Art and Culture

Exploring Chicano Identity and Music

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Essentially, Mexicans were never homogeneous although portrayed as such. Beyond the tendency to group people together by their countries, the mestizo identity, and the claiming of la raza have become synonymous with ‘Mexican.’ Though the idea of likeness of the Mexican population dominates today, it is necessary to remember the history of Mexico’s diversity in order to understand the particularities of where the Chicano identity is historically linked and loyal to. Chicano communities are proof that borders are effective in separating people from land or people from each other. However, a connection across borders still remains. Whether simply a mythical reclamation of homeland or not, much of Chicanos’ connection to Aztlan is about rightful belonging, reclaiming a lost territory that has been laced with “frustration and powerlessness'' with regards to their treatment in the U.S. Chicano music today is very diverse, but what is the general criteria for Chicano music, if there really is any? Are there particular genres that are exclusively Chicano, or can Chicano music encompass other genres or hybrids like Cumbia, rap, or rock? Is Chicano music exclusively made by Chicano people or can any Mexican and/or Mexican American musician contribute? Finally, does Chicano music have to talk about Chicano culture and/or issues?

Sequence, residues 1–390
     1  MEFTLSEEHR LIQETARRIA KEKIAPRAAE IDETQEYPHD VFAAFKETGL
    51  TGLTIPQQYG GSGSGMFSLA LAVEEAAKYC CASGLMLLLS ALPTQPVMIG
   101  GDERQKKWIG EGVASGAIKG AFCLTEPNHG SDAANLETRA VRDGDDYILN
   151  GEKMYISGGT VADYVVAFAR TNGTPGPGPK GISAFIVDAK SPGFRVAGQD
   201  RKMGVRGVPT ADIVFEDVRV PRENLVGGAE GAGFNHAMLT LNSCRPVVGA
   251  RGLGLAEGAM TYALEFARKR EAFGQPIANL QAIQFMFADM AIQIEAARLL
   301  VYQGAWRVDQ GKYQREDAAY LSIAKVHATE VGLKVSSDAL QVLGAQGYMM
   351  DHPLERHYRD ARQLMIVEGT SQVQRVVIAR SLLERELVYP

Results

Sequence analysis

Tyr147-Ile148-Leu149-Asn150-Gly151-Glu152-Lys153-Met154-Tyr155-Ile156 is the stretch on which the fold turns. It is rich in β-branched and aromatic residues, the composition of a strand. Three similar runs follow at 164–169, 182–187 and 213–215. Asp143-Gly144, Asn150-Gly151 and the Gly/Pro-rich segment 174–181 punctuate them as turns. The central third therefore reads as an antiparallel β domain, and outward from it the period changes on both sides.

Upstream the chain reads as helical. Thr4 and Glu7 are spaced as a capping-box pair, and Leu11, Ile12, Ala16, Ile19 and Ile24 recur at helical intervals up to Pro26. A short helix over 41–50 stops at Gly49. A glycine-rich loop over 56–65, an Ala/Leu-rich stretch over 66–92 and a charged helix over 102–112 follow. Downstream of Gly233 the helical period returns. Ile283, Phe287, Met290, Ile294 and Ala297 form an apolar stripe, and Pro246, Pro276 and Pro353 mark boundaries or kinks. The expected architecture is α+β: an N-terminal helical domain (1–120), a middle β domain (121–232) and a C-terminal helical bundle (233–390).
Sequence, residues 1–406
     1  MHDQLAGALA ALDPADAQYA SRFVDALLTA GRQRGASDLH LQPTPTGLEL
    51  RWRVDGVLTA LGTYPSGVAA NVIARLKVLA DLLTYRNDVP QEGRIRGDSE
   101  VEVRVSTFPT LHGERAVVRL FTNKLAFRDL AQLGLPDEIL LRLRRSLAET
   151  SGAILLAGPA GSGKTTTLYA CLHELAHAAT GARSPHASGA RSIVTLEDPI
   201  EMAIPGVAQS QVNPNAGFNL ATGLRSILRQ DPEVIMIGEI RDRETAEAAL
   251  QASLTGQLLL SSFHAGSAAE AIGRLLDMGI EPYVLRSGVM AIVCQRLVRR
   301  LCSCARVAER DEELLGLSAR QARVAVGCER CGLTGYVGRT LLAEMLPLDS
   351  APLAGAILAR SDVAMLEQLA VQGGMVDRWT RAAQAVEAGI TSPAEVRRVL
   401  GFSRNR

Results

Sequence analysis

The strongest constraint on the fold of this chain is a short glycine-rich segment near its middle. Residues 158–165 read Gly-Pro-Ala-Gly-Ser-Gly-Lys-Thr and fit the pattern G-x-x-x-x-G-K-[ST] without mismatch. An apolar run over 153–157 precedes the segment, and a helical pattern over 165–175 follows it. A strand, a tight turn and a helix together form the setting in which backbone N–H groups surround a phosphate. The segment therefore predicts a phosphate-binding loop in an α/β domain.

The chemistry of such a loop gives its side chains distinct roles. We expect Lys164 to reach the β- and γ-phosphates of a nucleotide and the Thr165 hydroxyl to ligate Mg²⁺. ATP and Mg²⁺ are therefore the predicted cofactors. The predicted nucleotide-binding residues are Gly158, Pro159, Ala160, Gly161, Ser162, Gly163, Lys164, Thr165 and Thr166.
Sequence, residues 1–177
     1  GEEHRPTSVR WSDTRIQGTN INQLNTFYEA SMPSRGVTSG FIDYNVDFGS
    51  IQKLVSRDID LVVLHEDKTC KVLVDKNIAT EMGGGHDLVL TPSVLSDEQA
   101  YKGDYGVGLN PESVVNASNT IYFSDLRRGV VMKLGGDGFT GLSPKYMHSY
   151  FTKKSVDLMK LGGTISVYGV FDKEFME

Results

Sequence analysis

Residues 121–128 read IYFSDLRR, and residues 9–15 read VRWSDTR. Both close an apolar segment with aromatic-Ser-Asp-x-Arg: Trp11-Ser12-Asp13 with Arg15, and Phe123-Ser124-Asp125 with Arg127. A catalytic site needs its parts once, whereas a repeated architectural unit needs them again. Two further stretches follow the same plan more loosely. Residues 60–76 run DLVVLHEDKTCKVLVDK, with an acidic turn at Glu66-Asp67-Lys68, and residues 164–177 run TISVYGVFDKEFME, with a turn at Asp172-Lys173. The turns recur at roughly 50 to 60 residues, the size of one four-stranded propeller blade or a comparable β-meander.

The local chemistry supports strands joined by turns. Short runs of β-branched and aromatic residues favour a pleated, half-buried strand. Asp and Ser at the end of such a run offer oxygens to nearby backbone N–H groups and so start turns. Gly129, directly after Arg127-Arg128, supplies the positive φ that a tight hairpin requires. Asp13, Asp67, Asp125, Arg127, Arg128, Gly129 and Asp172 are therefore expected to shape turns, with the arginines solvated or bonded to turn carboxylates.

Afro-Indigeneity in Latin America: Conversations of Diasporic Blackness, Allyship, & Advocacy

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By Ashley Brown

With the coming and passing of Indigenous Peoples' Day, we are tasked with continuing the celebration and advocacy for Indigenous communities that have been destroyed and deeply scarred by centuries of colonization. The diversity of identities in Latin America has resulted in the creation of new cultures, languages, and world perspectives. Two groups that embody this intersectionality are the Afro-Indigenous tribes known as the Garifuna and the Miskito people. Both communities are challenged with efforts to erasure their culture However, the growing recognition and representation of Indigenous people help combat this cycle of violence from continuing.

How can our intentional consumption of knowledge and advocacy challenge the colonial paradigms that marginalize Afro-Indigenous communities?

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